What Photo Editing Software Should I Use?
If you're serious about photography, and if you're looking for the best and most powerful photo editing program around, the de facto standard and market leader is Adobe Photoshop CS2.
Unfortunately, with it's steep learning curve and equally steep price tag, Photoshop is overkill for the people who just want to play with their pictures. Photoshop CS2 has every possible feature that a digital photographer could want except a low price. What other programs are available?
Adobe recognized that their flagship product was a bit much for the beginner, so they scaled it back. With a few of the more complex features removed and a price tag under $100, Photoshop Elements still packs quite a punch, and might be considered the market leader in it's own price range. It has the same basic interface as the full powered Photoshop, and most of the same functionality.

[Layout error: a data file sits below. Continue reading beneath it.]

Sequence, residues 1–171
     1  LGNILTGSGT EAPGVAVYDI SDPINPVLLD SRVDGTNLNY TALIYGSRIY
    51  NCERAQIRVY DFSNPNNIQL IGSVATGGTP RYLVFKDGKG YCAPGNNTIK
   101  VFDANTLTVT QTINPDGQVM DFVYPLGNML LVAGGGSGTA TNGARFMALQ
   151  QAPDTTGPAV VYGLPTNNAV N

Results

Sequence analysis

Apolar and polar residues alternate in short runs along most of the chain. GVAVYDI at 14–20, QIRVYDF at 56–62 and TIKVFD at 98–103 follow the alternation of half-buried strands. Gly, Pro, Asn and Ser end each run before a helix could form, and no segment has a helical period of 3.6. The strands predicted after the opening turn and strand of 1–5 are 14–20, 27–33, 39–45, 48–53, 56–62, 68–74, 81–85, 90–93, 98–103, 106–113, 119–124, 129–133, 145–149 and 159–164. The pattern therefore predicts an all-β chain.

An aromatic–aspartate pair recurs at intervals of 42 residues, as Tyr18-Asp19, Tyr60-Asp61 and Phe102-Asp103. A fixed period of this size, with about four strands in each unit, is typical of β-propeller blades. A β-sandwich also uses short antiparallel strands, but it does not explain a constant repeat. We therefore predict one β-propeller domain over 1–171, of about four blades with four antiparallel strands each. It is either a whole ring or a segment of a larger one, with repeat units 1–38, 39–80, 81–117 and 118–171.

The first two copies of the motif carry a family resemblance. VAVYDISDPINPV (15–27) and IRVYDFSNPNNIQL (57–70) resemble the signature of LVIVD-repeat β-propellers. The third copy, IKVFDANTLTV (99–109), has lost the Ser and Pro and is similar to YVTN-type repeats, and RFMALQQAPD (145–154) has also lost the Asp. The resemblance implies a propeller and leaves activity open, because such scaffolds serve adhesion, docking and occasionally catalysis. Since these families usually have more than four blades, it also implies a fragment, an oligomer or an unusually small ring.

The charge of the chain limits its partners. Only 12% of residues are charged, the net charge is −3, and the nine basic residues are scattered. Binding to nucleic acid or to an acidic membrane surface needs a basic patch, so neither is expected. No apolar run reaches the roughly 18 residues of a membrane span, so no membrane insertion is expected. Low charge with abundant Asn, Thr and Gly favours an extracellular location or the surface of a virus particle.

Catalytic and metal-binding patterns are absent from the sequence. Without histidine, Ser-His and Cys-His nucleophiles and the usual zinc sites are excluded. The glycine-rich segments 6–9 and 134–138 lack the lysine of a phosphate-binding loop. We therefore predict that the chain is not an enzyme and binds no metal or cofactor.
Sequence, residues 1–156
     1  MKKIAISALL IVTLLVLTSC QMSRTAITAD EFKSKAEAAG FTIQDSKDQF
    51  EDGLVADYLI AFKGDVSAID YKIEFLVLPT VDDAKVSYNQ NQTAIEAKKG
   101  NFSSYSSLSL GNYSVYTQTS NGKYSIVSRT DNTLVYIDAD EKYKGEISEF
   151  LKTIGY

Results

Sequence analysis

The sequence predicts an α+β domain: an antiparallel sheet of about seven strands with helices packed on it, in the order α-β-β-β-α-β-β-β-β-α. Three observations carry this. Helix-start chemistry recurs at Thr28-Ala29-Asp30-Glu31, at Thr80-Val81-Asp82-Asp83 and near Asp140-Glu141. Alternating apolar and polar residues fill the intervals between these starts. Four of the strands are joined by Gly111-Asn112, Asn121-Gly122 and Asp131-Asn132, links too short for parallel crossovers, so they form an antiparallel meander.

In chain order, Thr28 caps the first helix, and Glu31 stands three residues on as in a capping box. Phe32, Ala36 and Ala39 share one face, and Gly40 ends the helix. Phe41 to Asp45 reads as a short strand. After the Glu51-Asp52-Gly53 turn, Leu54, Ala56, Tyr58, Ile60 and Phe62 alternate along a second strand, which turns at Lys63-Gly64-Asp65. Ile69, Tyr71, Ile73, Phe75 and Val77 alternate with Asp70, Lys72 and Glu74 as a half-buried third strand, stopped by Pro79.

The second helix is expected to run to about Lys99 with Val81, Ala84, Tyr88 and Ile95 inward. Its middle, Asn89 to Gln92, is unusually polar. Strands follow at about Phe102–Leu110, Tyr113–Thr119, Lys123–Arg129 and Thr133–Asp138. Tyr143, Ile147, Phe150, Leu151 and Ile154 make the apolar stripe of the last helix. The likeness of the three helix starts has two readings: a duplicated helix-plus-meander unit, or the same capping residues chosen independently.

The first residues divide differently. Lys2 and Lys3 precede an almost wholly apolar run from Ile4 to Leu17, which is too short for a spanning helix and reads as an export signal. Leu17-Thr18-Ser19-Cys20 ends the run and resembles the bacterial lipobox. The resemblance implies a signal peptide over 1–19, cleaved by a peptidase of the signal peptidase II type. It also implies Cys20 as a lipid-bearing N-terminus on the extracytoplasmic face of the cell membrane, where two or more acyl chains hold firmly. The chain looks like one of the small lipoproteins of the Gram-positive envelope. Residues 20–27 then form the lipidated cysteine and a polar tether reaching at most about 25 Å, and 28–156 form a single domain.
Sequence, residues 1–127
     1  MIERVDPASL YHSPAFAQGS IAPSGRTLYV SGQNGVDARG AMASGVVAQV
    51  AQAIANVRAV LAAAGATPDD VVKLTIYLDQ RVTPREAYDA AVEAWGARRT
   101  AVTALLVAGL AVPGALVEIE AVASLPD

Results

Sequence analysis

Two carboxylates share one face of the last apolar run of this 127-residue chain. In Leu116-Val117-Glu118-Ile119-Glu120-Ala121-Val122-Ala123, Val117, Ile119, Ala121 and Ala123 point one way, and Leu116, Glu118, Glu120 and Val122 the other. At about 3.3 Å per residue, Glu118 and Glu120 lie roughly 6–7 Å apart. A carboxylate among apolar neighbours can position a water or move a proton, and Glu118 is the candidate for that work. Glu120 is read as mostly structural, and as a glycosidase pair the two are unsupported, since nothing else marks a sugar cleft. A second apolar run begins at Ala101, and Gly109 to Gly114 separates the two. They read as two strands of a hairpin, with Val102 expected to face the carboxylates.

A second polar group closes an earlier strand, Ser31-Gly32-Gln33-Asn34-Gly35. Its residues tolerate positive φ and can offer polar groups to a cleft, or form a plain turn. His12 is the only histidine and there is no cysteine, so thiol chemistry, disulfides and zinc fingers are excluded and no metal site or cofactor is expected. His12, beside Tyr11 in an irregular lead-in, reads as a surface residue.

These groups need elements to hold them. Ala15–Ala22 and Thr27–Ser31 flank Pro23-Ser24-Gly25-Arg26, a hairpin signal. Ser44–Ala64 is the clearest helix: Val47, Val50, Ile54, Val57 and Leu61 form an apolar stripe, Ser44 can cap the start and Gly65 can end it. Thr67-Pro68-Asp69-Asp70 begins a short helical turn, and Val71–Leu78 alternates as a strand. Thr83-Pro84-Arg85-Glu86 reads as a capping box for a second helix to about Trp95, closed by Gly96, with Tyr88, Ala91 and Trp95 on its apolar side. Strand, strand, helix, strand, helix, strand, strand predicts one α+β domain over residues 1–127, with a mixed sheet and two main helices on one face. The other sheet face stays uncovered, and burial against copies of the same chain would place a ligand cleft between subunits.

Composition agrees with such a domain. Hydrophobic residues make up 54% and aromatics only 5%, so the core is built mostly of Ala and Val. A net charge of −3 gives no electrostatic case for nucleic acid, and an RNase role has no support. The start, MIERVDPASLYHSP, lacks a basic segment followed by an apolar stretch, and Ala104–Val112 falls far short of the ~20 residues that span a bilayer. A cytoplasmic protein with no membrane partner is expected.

Elements' leading competition is Corel's Paint Shop Pro XI, and some reviewers prefer Corel's product to Adobe's. Paint Shop Pro, in general, is easier to learn in many areas, and is just as powerful in most of it's tools.
Both Elements and Paint Shop Pro have red eye removal features and bundled photo organizer programs, and quite literally run neck and neck in terms of features and ease of use.
Another product on the market is the Microsoft Digital Imaging Suite. With the latest version, Microsoft has added wizards to help novice users work their way through the program. While the new features are an improvement, most reviewers still don't rank this product as highly as either Photoshop Elements or Paint Shop Pro. One feature that really stands out in Microsoft's package, though, is the slide-show program called Photo Story, which is much better than the equivalent in Elements. Photo Story is offered separately as a free download.